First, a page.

Bulk wine shipping and New World plantings to slow, says Rabobank
Shipping wine in bulk is set to slow, while New World plantings are also declining – that’s according to Rabobank’s recently published World Wine Map.
The report predicts that while the number of markets consuming wine is set to expand, the growth from hotly-tipped China and the US is decelerating.
New World wine production is set to taper off
“The advent of improved technology for shipping bulk wine has provided great efficiencies for shipping certain types of wine, but it is not an appropriate solution in all cases, ” the report shows.
Rabobank now believes most efficiencies to be gained from switching from bottle to bulk have already been had, consequently it expects bulk shipping growth to taper off.
What’s more, Rabobank said the shift towards bulk shipping – in 2006 it accounted for one third of all New World shipments but in 2013 was almost half – has had “a profound effect on wineries’ ability to build brands”.
Bulk shipping has “reduced some of the advantages in sourcing that local suppliers have traditionally enjoyed”, allowing large wine companies and retailers to build brands in-market.
“In effect, the centre of gravity for building brands has subtly shifted away from those closest to the source of supply towards those closest to the end user,” the report states. But it adds that supplier countries still hold some power, particularly on the higher-end wines.
New World production growth tapering off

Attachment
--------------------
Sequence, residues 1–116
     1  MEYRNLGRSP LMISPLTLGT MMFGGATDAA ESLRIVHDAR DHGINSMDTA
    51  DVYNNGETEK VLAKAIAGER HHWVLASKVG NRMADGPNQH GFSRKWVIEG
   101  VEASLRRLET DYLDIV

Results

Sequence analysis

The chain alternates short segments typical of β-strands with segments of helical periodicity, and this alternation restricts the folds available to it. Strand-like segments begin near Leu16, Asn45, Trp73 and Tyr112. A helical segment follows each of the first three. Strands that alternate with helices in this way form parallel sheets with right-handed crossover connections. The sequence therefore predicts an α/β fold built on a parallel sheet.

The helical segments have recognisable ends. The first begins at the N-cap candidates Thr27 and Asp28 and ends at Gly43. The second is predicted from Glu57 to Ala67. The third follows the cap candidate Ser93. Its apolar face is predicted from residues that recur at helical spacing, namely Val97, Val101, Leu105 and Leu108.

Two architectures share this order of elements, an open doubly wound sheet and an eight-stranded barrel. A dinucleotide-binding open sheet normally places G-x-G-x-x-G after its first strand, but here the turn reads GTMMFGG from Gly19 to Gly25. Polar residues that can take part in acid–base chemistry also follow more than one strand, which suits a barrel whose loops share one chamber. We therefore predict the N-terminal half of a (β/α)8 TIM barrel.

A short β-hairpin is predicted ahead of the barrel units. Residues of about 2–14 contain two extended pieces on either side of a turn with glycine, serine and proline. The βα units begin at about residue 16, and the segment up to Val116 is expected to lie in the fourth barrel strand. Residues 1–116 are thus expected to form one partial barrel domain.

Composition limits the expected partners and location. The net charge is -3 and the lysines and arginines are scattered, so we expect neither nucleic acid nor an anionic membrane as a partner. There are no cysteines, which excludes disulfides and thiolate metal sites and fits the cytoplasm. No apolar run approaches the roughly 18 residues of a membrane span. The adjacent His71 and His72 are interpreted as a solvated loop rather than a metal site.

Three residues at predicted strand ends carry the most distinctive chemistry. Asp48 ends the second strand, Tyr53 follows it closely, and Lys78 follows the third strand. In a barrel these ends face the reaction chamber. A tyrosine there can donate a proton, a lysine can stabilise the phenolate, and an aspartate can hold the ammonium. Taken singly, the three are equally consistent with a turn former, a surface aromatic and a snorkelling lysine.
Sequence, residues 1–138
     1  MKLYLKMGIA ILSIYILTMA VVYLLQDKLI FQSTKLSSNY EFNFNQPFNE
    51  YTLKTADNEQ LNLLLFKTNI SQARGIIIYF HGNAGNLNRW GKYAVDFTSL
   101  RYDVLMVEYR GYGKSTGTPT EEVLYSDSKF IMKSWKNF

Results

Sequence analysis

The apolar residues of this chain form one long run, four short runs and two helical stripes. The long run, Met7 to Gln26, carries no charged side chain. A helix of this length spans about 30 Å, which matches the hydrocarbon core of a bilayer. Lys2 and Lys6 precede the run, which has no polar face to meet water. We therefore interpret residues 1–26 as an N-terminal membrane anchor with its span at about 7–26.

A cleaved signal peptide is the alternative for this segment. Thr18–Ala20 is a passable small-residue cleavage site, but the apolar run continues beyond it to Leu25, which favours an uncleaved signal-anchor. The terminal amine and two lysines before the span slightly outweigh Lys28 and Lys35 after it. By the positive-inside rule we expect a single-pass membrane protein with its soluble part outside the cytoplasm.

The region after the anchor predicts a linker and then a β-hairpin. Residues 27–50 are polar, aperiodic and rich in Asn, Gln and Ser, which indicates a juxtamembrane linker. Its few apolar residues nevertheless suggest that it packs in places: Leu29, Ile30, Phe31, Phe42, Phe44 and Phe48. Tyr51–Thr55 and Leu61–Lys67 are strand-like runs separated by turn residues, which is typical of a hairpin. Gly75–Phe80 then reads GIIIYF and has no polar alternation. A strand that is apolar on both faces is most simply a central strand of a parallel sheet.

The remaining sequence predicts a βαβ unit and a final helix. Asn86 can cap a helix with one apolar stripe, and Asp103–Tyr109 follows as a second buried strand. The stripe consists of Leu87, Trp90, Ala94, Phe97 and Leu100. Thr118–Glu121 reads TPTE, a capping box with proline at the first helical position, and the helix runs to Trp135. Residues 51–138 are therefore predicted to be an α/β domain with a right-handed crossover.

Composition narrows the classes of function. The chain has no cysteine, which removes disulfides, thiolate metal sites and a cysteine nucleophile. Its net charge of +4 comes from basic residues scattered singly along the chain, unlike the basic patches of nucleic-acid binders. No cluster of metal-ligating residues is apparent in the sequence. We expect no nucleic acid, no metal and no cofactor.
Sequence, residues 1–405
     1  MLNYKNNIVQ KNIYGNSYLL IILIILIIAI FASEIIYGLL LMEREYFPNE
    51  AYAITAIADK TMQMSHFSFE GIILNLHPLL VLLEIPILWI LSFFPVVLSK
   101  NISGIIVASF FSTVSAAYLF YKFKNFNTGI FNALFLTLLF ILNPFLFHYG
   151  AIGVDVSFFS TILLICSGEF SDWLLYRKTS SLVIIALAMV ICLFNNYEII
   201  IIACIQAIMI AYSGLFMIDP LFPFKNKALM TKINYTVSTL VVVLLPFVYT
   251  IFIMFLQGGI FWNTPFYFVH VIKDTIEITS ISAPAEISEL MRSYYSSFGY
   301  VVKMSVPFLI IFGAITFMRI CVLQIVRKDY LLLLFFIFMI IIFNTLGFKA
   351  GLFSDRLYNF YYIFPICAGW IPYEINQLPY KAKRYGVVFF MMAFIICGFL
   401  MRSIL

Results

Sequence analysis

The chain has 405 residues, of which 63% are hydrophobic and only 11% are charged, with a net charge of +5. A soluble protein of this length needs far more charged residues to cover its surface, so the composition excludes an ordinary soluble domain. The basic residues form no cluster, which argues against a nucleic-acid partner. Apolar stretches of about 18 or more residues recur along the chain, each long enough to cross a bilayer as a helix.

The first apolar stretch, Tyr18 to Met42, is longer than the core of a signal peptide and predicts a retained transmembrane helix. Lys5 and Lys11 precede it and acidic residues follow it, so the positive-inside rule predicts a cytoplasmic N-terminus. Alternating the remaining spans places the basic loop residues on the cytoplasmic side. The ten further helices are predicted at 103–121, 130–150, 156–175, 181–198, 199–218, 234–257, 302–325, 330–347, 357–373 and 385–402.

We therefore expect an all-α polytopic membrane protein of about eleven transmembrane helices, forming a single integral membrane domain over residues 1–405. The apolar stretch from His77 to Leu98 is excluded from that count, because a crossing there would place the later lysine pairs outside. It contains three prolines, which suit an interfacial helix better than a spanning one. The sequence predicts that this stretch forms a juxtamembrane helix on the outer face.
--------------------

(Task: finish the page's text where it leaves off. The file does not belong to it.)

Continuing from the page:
The past decade has seen production levels in New World markets skyrocket – growing by 15% in the US, Australia and Argentina, in Chile by more than 90% and in New Zealand by more than 300%, albeit from a very small base. Such exponential growth is not expected to continue: investments to expand vineyards has “slowed considerably”, and even in the US, where growers have been expanding, the threat of ongoing drought and falling spot prices may restrict this.
American and Chinese consumption to slow
Premiumisation will contribute to slower growth in consumption in the US, while China’s austerity measures have already begun to effect a decline in consumption there. Rabobank expects this trend to stabilise in 2015, but ultimately predicts consumption will be driven by private, rather than public sector, consumers. “Wine imports will return to growth mode, though at much lower rates than in the previous five years, and will likely skew to less premium price points than in the past as pricing normalises,” the report states.
You can read an excerpt from the World Wine Map here.